Natural Sleep Remedies

herbal sleeping pillsAfter a few sleepless nights it’s natural to start looking for things which can put a stop to the hours of tossing and turning.

Perhaps you’ve considered asking the doctor for something to knock you out at night. Maybe you’d prefer to steer clear of strong pharmaceuticals and see what mother nature has to offer.

Natural sleep remedies are a popular choice for people who can’t, or don’t want to, take pharmaceutical pills.

And as the stress of long-term sleep problems takes its toll and prescribed sleeping pills don’t seem to help, many people experiment with alternatives which might provide some relief.

In this article I’ll be looking at the various options you have, as well as the scientific evidence that they work. Hopefully you’ll find something which both appeals to you and improves your quality of sleep.

Which remedy to choose

There’s a wide choice of natural remedies which are marketed as promoting sleep. And not just the specific herbs, roots and flowers but also in the form that they come.

Let’s take a look at the most popular types.

Herbal sleep aids

Every year, more and more over the counter natural sleeping remedies are created. The most common ingredient is Valerian, probably because there’s some scientific evidence that it contains sedative properties.

I tried out three popular brands over several weeks to see if they worked. You can find out more about the results of my tests in these individual reviews:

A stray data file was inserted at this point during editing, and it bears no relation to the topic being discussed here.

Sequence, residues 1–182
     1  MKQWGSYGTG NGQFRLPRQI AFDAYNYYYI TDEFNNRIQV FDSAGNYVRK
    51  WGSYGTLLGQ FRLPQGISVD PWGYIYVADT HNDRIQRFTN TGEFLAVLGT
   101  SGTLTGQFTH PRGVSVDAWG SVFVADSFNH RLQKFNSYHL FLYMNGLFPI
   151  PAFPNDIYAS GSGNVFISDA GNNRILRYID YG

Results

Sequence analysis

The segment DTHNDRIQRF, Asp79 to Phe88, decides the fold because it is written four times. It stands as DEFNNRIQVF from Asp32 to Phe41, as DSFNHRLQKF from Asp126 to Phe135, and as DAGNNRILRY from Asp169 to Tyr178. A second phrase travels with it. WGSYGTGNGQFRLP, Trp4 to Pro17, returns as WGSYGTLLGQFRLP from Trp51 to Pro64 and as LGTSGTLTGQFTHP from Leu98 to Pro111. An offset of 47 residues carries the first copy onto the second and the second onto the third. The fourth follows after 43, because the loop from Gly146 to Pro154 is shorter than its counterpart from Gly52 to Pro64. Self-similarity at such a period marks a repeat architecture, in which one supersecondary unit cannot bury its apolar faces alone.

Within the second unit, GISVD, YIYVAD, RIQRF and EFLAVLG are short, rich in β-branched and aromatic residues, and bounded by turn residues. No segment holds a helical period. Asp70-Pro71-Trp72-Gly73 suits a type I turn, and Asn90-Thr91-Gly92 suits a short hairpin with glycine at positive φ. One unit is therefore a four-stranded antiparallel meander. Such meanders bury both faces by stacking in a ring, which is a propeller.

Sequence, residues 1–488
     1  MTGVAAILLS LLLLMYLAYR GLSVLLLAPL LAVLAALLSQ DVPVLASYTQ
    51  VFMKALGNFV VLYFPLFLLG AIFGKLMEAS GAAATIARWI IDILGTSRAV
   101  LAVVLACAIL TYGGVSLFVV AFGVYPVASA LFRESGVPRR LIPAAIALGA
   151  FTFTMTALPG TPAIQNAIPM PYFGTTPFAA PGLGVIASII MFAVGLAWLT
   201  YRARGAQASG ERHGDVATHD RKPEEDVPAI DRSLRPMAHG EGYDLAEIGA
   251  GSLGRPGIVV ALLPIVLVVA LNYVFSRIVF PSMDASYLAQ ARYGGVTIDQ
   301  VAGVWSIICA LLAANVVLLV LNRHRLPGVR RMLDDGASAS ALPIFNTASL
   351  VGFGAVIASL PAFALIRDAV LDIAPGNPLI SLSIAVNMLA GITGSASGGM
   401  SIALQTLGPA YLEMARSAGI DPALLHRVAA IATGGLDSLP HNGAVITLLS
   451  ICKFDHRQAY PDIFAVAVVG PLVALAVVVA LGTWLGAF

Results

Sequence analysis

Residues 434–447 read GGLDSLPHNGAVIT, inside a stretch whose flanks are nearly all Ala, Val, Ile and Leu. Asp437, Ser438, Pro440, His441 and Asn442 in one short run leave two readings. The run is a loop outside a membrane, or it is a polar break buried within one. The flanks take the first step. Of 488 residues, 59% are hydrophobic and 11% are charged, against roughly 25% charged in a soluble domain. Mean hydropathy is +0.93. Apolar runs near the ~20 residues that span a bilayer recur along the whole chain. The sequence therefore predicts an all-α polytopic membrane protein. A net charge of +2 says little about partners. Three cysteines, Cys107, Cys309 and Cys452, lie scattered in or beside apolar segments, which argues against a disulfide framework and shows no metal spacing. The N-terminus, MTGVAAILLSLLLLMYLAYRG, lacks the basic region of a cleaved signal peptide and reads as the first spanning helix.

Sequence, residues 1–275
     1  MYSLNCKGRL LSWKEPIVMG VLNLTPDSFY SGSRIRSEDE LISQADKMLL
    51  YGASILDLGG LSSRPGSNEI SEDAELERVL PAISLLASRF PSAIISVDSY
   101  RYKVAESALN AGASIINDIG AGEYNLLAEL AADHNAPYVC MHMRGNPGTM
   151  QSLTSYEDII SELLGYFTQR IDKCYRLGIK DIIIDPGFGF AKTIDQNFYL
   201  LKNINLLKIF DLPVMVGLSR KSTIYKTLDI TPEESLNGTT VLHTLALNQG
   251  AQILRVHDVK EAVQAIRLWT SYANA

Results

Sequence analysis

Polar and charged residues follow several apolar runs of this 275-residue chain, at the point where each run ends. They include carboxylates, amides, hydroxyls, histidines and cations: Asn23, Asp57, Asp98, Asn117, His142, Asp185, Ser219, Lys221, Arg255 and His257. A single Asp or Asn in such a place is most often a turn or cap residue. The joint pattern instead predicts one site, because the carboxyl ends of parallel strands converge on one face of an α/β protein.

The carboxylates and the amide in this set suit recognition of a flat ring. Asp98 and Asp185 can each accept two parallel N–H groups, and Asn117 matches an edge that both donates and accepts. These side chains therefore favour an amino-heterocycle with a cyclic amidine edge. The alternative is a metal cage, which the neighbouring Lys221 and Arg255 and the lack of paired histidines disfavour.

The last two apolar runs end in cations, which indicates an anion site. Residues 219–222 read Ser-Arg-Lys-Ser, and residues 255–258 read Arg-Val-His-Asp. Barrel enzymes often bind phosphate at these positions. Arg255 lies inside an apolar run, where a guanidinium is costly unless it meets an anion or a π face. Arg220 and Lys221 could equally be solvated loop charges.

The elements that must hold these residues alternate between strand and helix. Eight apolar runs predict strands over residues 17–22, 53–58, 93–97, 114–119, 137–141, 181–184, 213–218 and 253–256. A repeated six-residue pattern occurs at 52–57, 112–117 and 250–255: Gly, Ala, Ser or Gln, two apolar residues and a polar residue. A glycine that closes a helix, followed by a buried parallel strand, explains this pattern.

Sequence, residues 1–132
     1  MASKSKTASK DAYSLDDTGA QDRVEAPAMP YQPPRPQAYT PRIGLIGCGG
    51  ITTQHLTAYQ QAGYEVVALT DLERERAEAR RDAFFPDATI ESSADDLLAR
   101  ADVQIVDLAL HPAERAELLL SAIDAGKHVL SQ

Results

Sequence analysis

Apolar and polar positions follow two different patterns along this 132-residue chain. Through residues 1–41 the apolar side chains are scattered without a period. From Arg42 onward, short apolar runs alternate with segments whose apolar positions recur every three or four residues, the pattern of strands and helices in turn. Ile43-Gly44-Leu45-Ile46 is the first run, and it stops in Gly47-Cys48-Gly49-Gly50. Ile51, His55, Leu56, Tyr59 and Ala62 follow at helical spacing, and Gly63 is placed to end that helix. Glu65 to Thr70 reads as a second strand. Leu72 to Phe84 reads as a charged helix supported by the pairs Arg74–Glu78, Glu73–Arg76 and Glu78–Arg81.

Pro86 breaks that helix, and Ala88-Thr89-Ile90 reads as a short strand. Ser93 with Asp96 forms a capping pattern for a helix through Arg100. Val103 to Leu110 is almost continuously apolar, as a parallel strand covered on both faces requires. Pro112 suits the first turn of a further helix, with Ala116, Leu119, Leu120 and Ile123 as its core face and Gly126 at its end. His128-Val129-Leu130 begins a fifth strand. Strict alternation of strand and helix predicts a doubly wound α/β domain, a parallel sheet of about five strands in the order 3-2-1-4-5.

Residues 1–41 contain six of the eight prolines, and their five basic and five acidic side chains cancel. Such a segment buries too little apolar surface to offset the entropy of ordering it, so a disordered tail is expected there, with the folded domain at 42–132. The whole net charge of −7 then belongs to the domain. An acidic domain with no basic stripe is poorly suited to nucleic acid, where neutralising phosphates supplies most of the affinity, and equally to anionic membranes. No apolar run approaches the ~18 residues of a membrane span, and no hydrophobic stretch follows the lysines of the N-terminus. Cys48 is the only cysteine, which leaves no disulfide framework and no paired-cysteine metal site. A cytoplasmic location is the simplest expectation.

An increasingly popular type of sleep aid, categorized by some as natural, is Melatonin. Melatonin is a hormone your body produces, and which plays a key role in regulating your internal body clock. The tablets do of course contain a synthetic version.

To find out more you can read my review of over the counter sleep aids to find out more about Melatonin and other natural sleep aids.

Herbal tea

Herbal tea has stood the test of time as one of the most popular natural sleep aids. And nowadays you can find teas containing a wide range of herbs and flowers, such as:

  • Chamomile
  • Valerian
  • St john’s wort
  • Peppermint
  • Kava Kava
  • Lavender
  • Lemon Balm
  • Chinese herbs

To find out more about some specific teas and also more information about each herb and flower, you might like to read my article about bedtime teas.

Do natural sleep remedies actually work?

There isn’t a huge amount of research done on this subject, but what there is unfortunately doesn’t do herbal sleep aids many favors.

In 2012, researchers from Monash University in the United States conducted a large investigation into all the known studies of natural sleep remedies.

They reviewed the scientific literature which had been published about the therapeutic potential and safety of remedies made from herbs such as Valerian, Hops, Chamomile, Kava-Kava and St John’s Wart.

Their conclusion was that there were surprisingly few studies published over the years about them. Moreover, the results of the few that did exist were generally contradictory or inconclusive.

Some examples the Monash University researchers gave of the contradictions and lack of conclusive evidence are:

  • One review found 16 studies that appeared to show Valerian, either taken alone or with other herbs, is effective to combat sleeplessness. However, another review pointed to 29 studies which showed that Valerian is safe to take, but ineffective in helping people fall asleep.
  • There are inconsistent and very few pieces of research around the effectiveness of Kava-Kava. Considering the safety concerns about Kava-Kava, there’s a definite need for more thorough research.
  • There are only a limited number of studies that show St John’s Wart and Chamomile to be effective insomnia remedies.
  • Only find one study mentioned lemon balm as having sedative properties.

Why are natural insomnia treatments so popular if there isn’t much evidence saying they work?